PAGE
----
Usually the support band has to make do with the chosen stage set-up of the headlining act, but in tonight's imaginatively concocted line up by the Teenage Cancer Trust, each of the three performers has almost equal stage time – and equally large and eccentric personas.
First up is the sassy soulstress VV Brown, whose relentlessly upbeat doo-wop soul songs are a suitable opener for rousing the crowd."Come on, let's have a little fun" she chirps, beginning with a Super Mario Brothers sample and launching into "Crying Blood". Dressed in a slinky sequinned tunic dress, with piano keys for a hem, she shakes a tambourine to the backdrop of a short film of couples swing dancing.
For the arrival of Florence and the Machine, who won this year's Brits Critics' Choice, taking the crown from last year's winner, Adele, the stage has been filled with an elaborate array of bird cages and pink flowers. All flame-coloured hair tumbling over a striking black gown reaching well below her feet, with feathers covering her shoulders, Florence looks like an ethereal elf queen, the newest addition to the school of inventive and theatrical singers Bjork, Goldfrapp and Natasha Khan of Bat for Lashes.
But it is her voice which demands attention. Her songs benefit from the acoustics of the Royal Albert Hall. Beginning with "Lungs" she fills the cavernous hall with her powerful voice and the instrumentation is crystal clear. But springing from the glorious harp glissandos are Florence's body-part-referencing and often violent lyrics – as in single "Kiss with a Fist" ("not about domestic violence" she posted on her MySpace page).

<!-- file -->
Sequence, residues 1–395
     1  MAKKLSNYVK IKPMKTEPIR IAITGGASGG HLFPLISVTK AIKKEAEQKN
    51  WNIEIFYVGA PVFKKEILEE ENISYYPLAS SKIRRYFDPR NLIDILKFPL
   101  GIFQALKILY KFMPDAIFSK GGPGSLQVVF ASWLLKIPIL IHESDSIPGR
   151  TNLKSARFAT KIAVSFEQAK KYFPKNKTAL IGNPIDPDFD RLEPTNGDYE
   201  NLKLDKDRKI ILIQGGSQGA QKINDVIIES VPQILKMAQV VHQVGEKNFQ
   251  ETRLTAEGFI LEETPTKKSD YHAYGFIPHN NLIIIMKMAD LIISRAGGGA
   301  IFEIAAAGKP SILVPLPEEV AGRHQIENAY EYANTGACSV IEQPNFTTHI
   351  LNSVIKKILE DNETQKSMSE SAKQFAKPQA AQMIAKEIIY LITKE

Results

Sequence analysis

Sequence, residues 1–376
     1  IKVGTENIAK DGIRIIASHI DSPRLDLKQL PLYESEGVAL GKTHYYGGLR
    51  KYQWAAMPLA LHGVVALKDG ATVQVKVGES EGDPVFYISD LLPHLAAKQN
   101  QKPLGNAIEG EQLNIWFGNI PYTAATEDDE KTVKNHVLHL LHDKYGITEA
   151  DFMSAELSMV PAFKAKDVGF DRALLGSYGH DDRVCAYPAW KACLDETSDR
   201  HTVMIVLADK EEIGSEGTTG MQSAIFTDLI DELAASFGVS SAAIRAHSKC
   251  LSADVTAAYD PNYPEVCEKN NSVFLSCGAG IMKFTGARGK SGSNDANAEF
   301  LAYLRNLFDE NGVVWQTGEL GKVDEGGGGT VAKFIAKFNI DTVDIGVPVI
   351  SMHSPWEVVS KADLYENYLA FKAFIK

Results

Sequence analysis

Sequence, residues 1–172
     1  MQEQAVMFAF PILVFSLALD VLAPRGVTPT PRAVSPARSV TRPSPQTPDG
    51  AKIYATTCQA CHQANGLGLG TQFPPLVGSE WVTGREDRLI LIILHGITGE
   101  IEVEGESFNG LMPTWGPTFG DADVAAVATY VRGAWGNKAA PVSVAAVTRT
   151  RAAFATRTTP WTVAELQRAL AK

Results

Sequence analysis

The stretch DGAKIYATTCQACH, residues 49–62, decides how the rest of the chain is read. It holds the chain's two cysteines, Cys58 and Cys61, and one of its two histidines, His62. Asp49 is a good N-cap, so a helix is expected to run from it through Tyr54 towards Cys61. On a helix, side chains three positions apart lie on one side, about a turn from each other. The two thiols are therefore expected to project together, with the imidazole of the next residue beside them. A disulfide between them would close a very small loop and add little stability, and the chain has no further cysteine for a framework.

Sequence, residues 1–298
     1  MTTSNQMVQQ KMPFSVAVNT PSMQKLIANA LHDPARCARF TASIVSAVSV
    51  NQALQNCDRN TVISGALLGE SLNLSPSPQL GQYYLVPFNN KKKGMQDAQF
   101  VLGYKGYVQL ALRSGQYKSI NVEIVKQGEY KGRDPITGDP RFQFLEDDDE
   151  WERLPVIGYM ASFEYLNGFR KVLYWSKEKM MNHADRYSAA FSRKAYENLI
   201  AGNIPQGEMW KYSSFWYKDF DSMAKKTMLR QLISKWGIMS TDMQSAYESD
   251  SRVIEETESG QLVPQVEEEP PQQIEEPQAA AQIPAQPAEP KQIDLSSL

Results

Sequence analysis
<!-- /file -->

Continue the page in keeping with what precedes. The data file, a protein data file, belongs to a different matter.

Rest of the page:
In "Girl with one Eye" "cut your little heart out" she screams as she throws back her hair wildly. Strange, then, when later she abandons the mic, approaching the stage lip, her voice tiny, and gets the giggles. With not even her debut album out yet, Florence won an army of new fans.
Antony Hegarty gets the welcome of a hero; it's clear it is he is the crowd wants to see. Lights dim, there is heightened expectation as the Johnsons form a cluster next to the piano behind which Hegarty is perched. From the moment they start a set which focuses on their newest album The Crying Light, the crowd falls into a hushed reverence. When someone dares to talk mid-song, eyes glare.
Hegarty's between-song chatter is welcome, though. His unexpected admission, "sorry I'm a bit squeaky – they gave us too many custards and puddings backstage", gets affectionate ripples of laughter. His tender explanations of a handful of songs shed light on the character within the complex songs, his being an outsider child looking to find his inner peace (The Crying Light). Less welcome is the interruption to "Another World", where after the steady violins have set the mood, he breaks the intense moment to explain his fears for the environment and the grieving process which inspired the track. As the song moves through grief to healing, dissonant violins find harmony.
Hegarty's "transgender" voice rises and falls in the hall like a beautiful other-worldy instrument and there are moments of real emotion. His emotively sung chorus to "You Are My Sister" from his 2005 Mercury Award winning album I Am a Bird Now has tears welling in your eyes, as do the violin, guitars and warm flourishes of recorder from the multi-instrumentalist Johnsons. "Aeon", too, has one of his many touching lyrics: "All the stars, your eyes. Raining just for me".
When the 6ft 4in Hegarty rises to a standing ovation and tells his audience to "take care", you can't help believing he means it.